FDA authorizes Merck’s Covid-19 pill, but stresses its use should be limited 

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The Food and Drug Administration on Thursday granted emergency authorization to Merck’s molnupiravir, an antiviral pill shown to reduce hospitalization and death in cases of Covid-19, but only in cases where other FDA-authorized Covid treatments are not accessible or clinically appropriate.

The approval comes a day after the FDA authorized an antiviral pill from Pfizer for much broader use in patients as young as 12. 

“Today’s authorization provides an additional treatment option against the COVID-19 virus in the form of a pill that can be taken orally. Molnupiravir is limited to situations where other FDA-authorized treatments for COVID-19 are inaccessible or are not clinically appropriate and will be a useful treatment option for some patients with COVID-19 at high risk of hospitalization or death,” Patrizia Cavazzoni, director of the FDA’s Center for Drug Evaluation and Research, said in a statement.

A Merck spokesperson said Merck is ready to ship hundreds of thousands of courses of treatment within days of authorization and 1 million courses over the next few weeks in the U.S. Ten million courses are ready to be packaged and distributed worldwide.

In clearing molnupiravir, developed by Merck and Ridgeback Therapeutics, the FDA accepted a narrow recommendation from a panel of advisers who were torn over whether to back the therapy. In a clinical trial, a five-day course of the pill was shown to be only modestly effective. The data also showed it could cause birth defects if used in pregnancy.

Acknowledging those risks, the FDA included a number of warnings and precautions with its authorization. The drug is not recommended for use in pregnancy, but doctors can prescribe it to pregnant women at their discretion. Females of childbearing age should be using contraception during treatment and for four days after the final dose. Males of childbearing age are also advised to use contraception during treatment and for three months following their last dose. While Pfizer’s Paxlovid was authorized for children as young as 12, molnupiravir is not being authorized for patients younger than 18. Some data from animals indicate the drug might affect bone and cartilage growth.

Antivirals are seen as potentially critical weapons in the fight against Covid-19, buttressing but by no means replacing tools like vaccines and monoclonal antibodies. Ideally, oral treatments would be easy to access for patients who contract the SARS-CoV-2 virus and prevent hospitalization or death. The need has increased with the new Omicron variant, because many of the monoclonal antibodies against Covid appear to be less potent against it, while the oral antivirals appear to maintain their efficacy.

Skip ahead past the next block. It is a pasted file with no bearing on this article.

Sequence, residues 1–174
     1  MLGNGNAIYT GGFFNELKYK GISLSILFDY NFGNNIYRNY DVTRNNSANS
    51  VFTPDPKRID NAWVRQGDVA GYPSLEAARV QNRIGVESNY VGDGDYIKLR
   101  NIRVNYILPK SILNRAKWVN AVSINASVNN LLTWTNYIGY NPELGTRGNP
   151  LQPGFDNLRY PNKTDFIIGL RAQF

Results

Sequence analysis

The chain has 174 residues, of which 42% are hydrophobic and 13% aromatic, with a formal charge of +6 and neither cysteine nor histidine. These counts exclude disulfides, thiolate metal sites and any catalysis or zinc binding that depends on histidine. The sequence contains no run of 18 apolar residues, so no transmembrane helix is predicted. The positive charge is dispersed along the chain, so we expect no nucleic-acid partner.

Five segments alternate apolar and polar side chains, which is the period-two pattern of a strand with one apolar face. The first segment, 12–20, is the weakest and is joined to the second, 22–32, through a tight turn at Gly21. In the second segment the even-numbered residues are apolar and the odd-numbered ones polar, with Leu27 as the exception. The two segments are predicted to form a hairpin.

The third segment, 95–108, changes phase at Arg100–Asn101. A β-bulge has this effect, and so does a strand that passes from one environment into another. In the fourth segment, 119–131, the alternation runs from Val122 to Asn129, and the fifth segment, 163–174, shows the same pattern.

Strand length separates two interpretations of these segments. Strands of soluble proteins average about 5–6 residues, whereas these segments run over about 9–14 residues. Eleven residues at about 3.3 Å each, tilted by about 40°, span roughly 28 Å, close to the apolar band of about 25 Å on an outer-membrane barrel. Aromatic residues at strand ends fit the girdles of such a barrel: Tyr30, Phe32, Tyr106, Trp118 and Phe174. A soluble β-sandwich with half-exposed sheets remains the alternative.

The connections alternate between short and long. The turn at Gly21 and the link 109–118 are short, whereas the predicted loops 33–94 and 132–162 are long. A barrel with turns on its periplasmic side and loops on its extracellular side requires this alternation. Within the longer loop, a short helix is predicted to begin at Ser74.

But data on molnupiravir showed its potential could be limited. Initial results from a study showed it reduced hospitalizations by 50% — but that figure was revised downward to 30% after full data were released. In the 1,433-patient study, fewer patients died when they received the treatment. There were nine deaths in the placebo group in the final analysis, and one in the molnupiravir group.

Patients in the study had mild-to-moderate Covid-19 and had at least one risk factor associated with poor disease outcomes, including being over 65, being overweight, or having cardiovascular disease.

Dean Li, Merck’s head of research and development, emphasized in an interview that in that study, molnupiravir reduced the number of deaths. There were nine in the group that received placebo and one in the molnupiravir group.

“There’s a 90% reduction in death,” Li said.  “And I would just emphasize that as people think through are you going to prescribe this medicine.” He pointed to molnupiravir’s lack of interactions with other drugs and the lack of a need to reduce dose for those with kidney impairment or exercise caution in those with liver impairment, both steps recommended for Paxlovid. “I think this is a really important contribution,” Li said.

Pfizer’s Paxlovid appears to have advantages in both efficacy and safety, but molnupiravir is likely to still have a role. At the beginning of 2022, there will be a much greater supply of molnupiravir. Pfizer has said it will produce greater than 180,000 courses by the end of the year, and then will make 140 million courses in 2022.

Another concern raised at the advisory committee for molnupiravir was that the drug might lead to new variants of SARS-CoV-2 because of its mechanism of action. 

 “With all respect, I think it’s incumbent upon you to make some effort to make an estimate of what is the likelihood of escape mutants occurring as a result of your drug,” said James Hildreth, a panelist and the CEO of Meharry Medical College.

 “In our hands, the cell culture, resistance and selection studies, there is an extremely high barrier to resistance,” Li said. 

One approach that’s been suggested to combat resistance would be to combine the medicines.

“I think they’re very effective and one could argue not to mix them immediately, but that’s something that might need to be thought through in the future,” Li said.

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